Researchers from Surrey University have been given funding by the governments of Britain and India for two projects that will explore how nanotechnology will impact the future of renewable energy.
Awarded to researchers from the Advanced Technology Institute (ATI) at Surrey University through the UK-India Education and Research Initiative (UK-IERI), both programmes will involve close collaboration between universities in the UK and India, as well as with Tata Steel Research and Development UK.
The first project will bring together researchers from Surrey University and the University of Hyderabad, India, with collaborators from Tata Steel Research and Development UK to look into how to effectively capture and store solar energy using an approach dubbed ‘inorganics-in-organics’, in which composite materials work together to increase efficiency. Tata Steel will partner research with industry to provide technologies for improved energy generation and storage.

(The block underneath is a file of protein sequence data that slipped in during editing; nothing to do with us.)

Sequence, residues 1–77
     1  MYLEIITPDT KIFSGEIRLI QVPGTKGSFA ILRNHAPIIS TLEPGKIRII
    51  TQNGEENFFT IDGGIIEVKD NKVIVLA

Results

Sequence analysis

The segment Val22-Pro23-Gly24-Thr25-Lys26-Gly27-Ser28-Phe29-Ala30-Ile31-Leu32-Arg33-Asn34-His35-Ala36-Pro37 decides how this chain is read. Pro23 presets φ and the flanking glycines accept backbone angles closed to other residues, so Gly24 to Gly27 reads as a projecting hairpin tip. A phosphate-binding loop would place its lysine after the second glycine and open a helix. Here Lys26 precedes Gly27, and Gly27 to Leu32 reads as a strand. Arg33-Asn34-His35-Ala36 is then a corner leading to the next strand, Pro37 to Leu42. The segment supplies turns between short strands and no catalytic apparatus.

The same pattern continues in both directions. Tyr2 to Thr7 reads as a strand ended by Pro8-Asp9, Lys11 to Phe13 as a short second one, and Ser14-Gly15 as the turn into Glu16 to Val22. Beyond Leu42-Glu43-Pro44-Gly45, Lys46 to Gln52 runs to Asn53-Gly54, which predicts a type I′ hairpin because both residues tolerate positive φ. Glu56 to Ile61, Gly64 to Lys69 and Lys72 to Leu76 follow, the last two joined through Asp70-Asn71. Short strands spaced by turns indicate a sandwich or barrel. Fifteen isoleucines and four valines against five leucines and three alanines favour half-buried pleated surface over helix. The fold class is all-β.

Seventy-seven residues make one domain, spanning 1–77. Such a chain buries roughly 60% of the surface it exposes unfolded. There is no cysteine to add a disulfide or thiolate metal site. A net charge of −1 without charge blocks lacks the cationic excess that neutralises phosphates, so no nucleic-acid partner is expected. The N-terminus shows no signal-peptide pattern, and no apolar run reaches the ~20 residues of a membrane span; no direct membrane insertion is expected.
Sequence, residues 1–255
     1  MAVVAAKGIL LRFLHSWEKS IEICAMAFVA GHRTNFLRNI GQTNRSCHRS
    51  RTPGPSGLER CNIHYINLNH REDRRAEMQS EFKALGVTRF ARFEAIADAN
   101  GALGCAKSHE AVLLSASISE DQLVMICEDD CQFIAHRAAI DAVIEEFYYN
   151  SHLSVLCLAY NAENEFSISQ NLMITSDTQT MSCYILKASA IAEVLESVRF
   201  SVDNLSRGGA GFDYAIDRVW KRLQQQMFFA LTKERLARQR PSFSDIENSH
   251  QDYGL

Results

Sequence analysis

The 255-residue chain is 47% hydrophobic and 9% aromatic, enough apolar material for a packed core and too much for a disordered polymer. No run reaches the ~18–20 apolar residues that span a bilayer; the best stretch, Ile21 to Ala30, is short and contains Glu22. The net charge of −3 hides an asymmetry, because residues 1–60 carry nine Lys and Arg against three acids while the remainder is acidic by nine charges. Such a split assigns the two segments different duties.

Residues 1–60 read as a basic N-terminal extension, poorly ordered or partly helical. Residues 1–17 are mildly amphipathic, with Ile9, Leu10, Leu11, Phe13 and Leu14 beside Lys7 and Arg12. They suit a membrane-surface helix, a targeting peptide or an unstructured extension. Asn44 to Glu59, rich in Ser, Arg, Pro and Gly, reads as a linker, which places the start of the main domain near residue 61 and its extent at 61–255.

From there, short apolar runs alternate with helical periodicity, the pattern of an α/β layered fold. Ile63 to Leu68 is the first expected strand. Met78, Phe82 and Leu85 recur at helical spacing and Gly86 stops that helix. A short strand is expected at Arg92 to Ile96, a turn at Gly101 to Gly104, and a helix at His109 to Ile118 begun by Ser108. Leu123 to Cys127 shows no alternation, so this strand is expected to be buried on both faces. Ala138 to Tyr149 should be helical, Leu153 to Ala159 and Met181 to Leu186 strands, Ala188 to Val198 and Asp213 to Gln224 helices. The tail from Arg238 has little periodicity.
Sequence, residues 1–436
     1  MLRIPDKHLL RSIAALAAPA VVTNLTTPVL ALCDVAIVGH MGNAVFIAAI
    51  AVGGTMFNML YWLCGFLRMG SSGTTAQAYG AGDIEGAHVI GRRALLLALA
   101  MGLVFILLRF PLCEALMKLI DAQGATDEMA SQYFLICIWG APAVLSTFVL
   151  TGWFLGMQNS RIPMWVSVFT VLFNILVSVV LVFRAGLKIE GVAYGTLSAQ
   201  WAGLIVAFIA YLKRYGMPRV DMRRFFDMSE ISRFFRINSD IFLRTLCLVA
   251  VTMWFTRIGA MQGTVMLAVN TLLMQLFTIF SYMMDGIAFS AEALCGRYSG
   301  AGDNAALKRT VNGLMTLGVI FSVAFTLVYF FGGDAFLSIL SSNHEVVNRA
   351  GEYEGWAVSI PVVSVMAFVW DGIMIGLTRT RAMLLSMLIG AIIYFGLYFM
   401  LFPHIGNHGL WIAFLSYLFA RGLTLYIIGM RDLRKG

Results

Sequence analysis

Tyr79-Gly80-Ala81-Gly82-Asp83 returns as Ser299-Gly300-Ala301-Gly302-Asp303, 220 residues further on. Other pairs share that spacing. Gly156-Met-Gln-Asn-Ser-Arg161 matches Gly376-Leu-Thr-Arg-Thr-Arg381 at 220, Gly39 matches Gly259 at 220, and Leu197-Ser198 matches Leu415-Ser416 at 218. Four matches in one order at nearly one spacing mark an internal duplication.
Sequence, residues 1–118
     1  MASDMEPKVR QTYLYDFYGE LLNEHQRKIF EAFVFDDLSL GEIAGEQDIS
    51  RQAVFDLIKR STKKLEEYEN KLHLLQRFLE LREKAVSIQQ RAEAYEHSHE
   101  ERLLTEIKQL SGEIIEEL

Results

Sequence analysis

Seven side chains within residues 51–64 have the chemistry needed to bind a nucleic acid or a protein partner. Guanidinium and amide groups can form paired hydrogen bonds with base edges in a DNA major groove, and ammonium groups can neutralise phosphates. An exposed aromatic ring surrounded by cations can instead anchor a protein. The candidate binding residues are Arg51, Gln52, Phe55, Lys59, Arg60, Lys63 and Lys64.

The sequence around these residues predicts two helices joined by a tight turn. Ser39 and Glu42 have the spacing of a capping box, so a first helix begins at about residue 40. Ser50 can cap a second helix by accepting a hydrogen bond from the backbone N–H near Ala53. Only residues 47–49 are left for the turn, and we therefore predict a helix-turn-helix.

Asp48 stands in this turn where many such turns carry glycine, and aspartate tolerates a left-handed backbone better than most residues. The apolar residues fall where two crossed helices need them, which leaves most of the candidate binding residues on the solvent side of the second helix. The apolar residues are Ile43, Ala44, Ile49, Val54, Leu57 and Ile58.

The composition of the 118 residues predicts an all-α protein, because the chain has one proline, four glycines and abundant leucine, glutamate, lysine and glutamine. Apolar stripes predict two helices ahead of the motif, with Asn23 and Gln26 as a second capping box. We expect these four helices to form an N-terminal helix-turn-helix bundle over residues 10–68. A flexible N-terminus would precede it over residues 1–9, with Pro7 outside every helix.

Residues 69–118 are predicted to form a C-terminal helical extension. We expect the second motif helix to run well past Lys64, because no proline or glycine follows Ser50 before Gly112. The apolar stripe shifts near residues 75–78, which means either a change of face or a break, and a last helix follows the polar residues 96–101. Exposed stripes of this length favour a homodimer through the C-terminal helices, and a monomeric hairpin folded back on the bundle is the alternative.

The second project will examine the use of zinc oxide nanomaterials in ultra-high sensitivity gas sensors.
According to Surrey University, these gas sensors can be used in environmental monitoring devices to deliver improved sensitivity and increased energy efficiency. They can also be used in breathalysers, or for sensing potentially explosive gas leaks in places such as hydrogen storage facilities.
This project will bring together academics from the University of Surrey, Queen’s University Belfast and the Indian Institute of Science Education and Research.
‘Working with cutting-edge nanomaterials such as ZnO, graphene and carbon nanotubes, we can revolutionise energy storage and capture,’ said Prof Ravi Silva,from the Advanced Technology Institute who is leading the projects.